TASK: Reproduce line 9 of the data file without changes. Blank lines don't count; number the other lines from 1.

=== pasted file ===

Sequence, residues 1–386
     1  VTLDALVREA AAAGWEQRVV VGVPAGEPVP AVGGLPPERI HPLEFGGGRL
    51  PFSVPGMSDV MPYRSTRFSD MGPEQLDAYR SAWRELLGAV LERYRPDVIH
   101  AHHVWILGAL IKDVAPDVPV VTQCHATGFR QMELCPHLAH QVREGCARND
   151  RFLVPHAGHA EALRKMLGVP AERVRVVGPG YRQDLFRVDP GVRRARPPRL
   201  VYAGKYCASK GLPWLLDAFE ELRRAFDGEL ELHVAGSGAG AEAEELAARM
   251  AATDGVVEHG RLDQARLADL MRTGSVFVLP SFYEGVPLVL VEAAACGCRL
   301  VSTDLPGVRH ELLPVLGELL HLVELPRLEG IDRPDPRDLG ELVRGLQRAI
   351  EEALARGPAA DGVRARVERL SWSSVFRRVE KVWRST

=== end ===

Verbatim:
   351  EEALARGPAA DGVRARVERL SWSSVFRRVE KVWRST